Olympic champion Sarah Nurse hopes to help inspire hockey's next wave

Mar 4 2022, 12:20 am

Sarah Nurse remembers being seven years old, plopping down in front of the television, and being mesmerized at the sight of seeing the Canadian women’s national team skate to gold at the 2002 Salt Lake City Olympics. 

So inspired was Nurse, in fact, that she made gold medals and presented them to family members as she declared that one day she’d follow in the footsteps of the likes of Cassie Campbell, Jayna Hefford, and Becky Kellar. 

Almost exactly 20 years later, less just four days, there was Nurse caught up in another golden moment, this time on the receiving end of a medal draped around her neck from teammate Brianne Jenner at the 2022 Beijing Olympics. 

And in the process, undoubtedly inspiring the dreams of seven-year-olds back home. 

“I think it’s something that I take a huge amount of pride in, and I know how much of a privilege it is to be able to do that,” Nurse said in an interview with Daily Hive. “I think as we look to see women’s sports keep coming up, it definitely needs the representation and it needs people being at the forefront. 

“It needs visibility. And so for me to be that for young girls, to be that for young Black girls in hockey, I think is really special. It’s definitely such a huge privilege, and something that is necessary.

“I look at…there were role models like Jayna Hefford and Angela James, and Cassie Campbell, who I should have been able to see more often than I did, you know? I shouldn’t have been looking up to NHL players. I should have been looking up to those incredible women who have paved the way for me. We want to be able to do that for the next generation of girls.”

Two decades prior, it was Nurse on the floor watching women’s hockey at the Olympics for the very first time — the only opportunity every four years for her to watch hockey on TV and see women competing. 

It’s that representation, that imagery, that has pushed the 27-year-old Hockey Canada standout to the heights she dreamt about when crafting medals out of construction paper.

“It was seeing all of them. I had never seen…like, the boys look up to NHL players…I’d never seen a female hockey player like that,” who was named to the Olympic’s media all-star team and finished with a pair of tournament records; one for assists in a single tournament with 13 and another for points at 18.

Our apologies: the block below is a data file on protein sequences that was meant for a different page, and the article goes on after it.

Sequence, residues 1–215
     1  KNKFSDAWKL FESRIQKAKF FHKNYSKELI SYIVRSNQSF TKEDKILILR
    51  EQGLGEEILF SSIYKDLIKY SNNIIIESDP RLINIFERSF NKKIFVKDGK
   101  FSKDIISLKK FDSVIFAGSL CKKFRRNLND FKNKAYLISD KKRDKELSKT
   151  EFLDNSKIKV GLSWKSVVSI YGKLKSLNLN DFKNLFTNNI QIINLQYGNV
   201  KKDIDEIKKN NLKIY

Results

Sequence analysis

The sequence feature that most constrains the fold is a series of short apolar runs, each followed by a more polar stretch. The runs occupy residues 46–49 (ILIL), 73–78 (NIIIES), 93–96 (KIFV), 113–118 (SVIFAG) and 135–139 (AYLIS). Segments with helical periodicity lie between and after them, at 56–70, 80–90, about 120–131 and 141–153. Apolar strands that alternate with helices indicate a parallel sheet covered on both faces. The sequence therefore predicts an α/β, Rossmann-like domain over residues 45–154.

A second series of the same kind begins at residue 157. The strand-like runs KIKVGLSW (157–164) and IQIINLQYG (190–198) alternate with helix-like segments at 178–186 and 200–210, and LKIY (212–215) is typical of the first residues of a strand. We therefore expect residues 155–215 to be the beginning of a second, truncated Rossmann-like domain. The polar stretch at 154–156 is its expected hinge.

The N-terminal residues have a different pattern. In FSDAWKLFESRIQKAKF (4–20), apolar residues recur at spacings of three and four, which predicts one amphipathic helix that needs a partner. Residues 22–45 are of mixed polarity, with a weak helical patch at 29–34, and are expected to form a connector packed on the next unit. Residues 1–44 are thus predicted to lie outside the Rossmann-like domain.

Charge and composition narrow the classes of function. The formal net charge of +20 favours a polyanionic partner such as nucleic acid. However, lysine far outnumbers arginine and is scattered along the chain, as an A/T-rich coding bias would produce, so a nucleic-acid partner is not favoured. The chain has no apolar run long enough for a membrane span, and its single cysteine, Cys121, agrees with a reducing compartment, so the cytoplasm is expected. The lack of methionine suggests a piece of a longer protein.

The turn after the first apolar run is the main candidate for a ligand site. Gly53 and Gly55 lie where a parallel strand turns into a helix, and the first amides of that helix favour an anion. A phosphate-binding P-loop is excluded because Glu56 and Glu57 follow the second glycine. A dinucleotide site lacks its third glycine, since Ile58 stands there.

“And I remember after 2002, I was able to meet Becky Keller and I got to take a picture of her and her medal. And that was, again, the first time that I had ever met a hockey player who, you know, wasn’t seven years old, right? So those are just people who became role models for me, and I was able to look [at them and] say, I want to do that one day, too.”

Now, Nurse can. 

She picked up the medal. 

She’s willing to pick up the mantle to help blaze the trail for the next generation, like so many of those women who did before her. 

And more. 

Nurse’s win is extra integral to the growth of the sport, one that will resonate beyond gender. 

She became the first Black women’s hockey player to win gold on the Olympic stage. 

“It’s definitely very proud for me, but it absolutely is something that is well, well overdue,” Nurse said. “I look at women who have come before me…I look at, you know, Angela James, who should have been on that ’98 team in Nagano…the first ever Olympics sport for women’s hockey. She should have been there and she is in the Hockey Hall of Fame and is one of the greatest women’s hockey players ever to play. 

“And so it’s definitely sad that she was unable to be there. I look at Blake Bolden on the US side and another incredible hockey player who continues to do amazing things for the sport of hockey in general, not only women’s hockey, and so I look at in 2022, it’s time absolutely but I do believe that it should have happened sooner.”

Its part of the reason Nurse is willing to be so visible, willing to move to the forefront, willing to be in the spotlight. 

She’s been on Sportsnet as an analyst breaking down NHL games. She’s used a sponsorship with Adidas to raise awareness on inequalities in society and in the hockey community. 

She’s front and centre in everyone’s favourite aisle at the grocery store, too. 

Nurse was on the front of a cereal box for Cheer — a Team Canada initiative featuring the rebranding of Cheerios — which supported Olympic athletes through a digital cheer program. 

On another box is Connor McDavid. 

It’s in the spirit of putting herself out there in the hopes that another young child will see it and believe they too can do what Nurse does.

Just like Nurse used to do.

“I think for me being a part of the the Cheerios box in the in the Cheerios campaign was so special to me,” Nurse started. “But when I see that cereal box, I don’t see myself. 

“I see a woman hockey player and I put myself in the shoes of somebody who’s seven years old, who’s walking down the cereal aisle and sees a woman’s hockey player, and I think about had I seen that when I was a child, it would have been a game-changer for me. 

“The fact that little girls and also little boys are able to see a female hockey player in a prominent place like a cereal box, it really shows them that they can do it. 

“That there’s a future for them, that you know, there’s a place for them that they can aspire to be.”

Aaron VickersAaron Vickers

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